December 25th, 2012
The WISSARD's have been busy over the past couple of days packing equipment and preparing for the traverse to Subglacial Lake Whillans, a 611 mile trip from McMurdo (see the maps posted in the Press Kit, on the top right of the home page). We moved equipment from the labs at McMurdo to stage for the traverse, and we are packing up the field labs and equipment at the test site. The drillers are putting in extra effort on Chrismas Day to make sure equipment is ready to go; and lead scientist, Ross Powell should have his extensive instrumentation ready to go today as well--a great Christmas present for sure! We will continue preparing for the traverse tomorrow and Thursday. We hope begin the traverse by the end of this week.
December 21th, 2012
WISSARD activities at the WISSARD test site
Work at the WISSARD test site continued today.
The borehole was reamed during the morning hours and the hole was enlarged.The geothermal probe was deployed. The probe successfully penetrated the sea floor to the depth of ~1.5 meters. Due to time constraints, the thermistors were not deployed in a second test, but sediment was recovered (and sampled) from the probe.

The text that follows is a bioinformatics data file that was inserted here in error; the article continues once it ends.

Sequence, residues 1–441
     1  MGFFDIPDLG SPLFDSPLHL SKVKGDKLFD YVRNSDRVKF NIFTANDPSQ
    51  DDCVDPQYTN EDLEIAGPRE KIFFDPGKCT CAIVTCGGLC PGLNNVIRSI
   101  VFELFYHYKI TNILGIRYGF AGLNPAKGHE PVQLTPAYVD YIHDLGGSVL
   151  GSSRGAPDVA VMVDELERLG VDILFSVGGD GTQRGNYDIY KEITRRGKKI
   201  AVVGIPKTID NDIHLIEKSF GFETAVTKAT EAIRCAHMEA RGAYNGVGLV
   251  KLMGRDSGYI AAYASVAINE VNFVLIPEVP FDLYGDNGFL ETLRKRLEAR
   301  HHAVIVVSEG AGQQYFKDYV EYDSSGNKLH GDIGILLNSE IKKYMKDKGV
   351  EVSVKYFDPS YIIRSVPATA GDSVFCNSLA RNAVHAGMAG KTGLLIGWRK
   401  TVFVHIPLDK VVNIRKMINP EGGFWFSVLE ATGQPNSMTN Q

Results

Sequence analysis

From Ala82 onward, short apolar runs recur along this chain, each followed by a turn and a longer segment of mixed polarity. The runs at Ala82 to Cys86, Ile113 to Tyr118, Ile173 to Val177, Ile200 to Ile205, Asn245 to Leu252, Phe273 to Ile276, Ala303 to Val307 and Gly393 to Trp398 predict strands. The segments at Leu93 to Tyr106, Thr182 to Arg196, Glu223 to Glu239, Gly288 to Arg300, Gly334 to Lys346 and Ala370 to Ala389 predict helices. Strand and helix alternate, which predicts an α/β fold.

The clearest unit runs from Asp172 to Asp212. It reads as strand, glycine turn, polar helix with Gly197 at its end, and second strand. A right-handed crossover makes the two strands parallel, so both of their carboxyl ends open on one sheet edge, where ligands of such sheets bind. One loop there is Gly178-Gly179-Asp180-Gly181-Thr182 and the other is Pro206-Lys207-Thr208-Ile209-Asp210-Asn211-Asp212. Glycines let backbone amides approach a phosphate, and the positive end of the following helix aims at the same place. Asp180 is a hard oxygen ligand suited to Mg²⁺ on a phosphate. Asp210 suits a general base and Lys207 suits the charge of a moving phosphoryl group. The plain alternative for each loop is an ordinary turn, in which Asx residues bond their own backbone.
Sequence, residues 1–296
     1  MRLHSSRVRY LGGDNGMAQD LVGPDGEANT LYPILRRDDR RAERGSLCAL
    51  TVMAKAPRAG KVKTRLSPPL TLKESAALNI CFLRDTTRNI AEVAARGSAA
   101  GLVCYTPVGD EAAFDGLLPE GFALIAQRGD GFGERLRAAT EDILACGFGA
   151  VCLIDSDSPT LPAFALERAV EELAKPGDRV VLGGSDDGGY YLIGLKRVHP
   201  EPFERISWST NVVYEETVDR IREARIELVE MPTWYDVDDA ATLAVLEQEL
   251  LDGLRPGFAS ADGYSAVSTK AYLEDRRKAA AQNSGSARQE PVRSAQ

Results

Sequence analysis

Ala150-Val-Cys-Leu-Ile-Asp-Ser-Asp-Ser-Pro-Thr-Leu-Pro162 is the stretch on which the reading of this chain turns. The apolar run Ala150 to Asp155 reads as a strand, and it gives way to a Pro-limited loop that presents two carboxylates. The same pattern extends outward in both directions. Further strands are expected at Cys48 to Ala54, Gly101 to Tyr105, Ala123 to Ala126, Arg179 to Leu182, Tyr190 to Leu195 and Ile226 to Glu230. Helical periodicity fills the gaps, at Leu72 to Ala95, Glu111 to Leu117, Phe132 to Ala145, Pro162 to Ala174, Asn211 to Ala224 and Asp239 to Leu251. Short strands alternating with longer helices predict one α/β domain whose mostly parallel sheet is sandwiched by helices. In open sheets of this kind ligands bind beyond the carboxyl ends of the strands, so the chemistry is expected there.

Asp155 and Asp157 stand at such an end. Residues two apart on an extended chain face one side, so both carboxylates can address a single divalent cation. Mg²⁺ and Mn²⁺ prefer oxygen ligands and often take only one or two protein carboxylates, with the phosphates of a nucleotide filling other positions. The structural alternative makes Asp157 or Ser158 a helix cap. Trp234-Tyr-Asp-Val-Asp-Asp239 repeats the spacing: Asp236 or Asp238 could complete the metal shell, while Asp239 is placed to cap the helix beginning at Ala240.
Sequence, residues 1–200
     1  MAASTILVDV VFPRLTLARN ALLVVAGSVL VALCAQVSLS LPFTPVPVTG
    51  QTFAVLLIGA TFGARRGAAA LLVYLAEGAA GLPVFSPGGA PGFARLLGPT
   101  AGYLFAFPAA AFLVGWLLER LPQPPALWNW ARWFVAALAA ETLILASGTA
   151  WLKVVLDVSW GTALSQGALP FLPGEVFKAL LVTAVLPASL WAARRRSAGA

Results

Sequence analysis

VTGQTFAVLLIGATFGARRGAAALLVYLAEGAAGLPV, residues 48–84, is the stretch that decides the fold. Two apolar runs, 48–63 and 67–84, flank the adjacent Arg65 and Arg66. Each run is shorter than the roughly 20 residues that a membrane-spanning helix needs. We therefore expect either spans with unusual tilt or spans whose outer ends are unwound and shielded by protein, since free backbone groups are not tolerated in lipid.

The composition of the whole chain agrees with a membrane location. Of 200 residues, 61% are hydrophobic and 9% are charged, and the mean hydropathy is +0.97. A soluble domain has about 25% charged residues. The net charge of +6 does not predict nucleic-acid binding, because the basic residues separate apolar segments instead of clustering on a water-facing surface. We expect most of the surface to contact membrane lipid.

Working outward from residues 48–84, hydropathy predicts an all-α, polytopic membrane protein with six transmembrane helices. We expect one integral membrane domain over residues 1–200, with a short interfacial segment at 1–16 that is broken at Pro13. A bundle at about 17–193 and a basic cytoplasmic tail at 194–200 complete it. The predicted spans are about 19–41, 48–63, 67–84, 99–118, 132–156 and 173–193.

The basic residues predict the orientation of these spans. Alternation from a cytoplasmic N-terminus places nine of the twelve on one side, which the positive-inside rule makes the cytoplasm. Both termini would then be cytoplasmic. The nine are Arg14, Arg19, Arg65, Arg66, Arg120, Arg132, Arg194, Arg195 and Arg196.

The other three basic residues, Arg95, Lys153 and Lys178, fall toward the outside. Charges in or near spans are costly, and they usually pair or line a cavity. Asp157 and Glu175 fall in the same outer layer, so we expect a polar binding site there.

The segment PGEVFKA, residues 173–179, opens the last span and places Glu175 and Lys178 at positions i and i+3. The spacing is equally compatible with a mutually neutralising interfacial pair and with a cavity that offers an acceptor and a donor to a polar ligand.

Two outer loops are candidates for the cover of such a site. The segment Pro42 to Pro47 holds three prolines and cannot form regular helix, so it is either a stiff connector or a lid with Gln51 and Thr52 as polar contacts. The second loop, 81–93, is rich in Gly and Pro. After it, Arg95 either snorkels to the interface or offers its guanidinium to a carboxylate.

Troubleshooting continued on the percussion corer. It was determined that the hydraulic motor stopped functioning. It was discovered that water had infiltrated the oil-filled electronics can and had caused the motor wires to shut down. The point of water ingress was determined and fixed. The corer was prepared for traversing to deploy in Subglacial Lake Whillans.
Niskin bottles, the in situ water sampler, and the Micro Subglacial Lake Exploration Device will be deployed and tested December 22nd, the last full day of field testing at the WISSARD test site.
Activities at the WISSARD Test Site
Work at the WISSARD test site continued today. Deployment and testing of the instrumentation package for Sub-Ice Exploration (IPSIE) continued. The instrument was deployed down the main borehole through the ice shelf and reached ocean bottom.
Assembly and deployment went smoothly with help from the marine techs and the DOER staff present.
Data retrieval and display also went smoothly will all instruments returning data, and excellent down borehole and side viewing cameras capturing real-time video.
The load transfer cage was utilized in the deployment of the IPSIE, and the multi-purpose winch was employed.The CTD and Muticorer instruments were prepared for deployment by the light winch.NSF OPP staff visited the site.
Tomorrow December 20th, the borehole will be reamed to enlarge the hole for safe deployment of the geothermal probe and additional instruments.
Images will be posted by day on the WISSARD webpage at www.wissard.org in the image galleries under the Multimedia tab, the day following the daily update.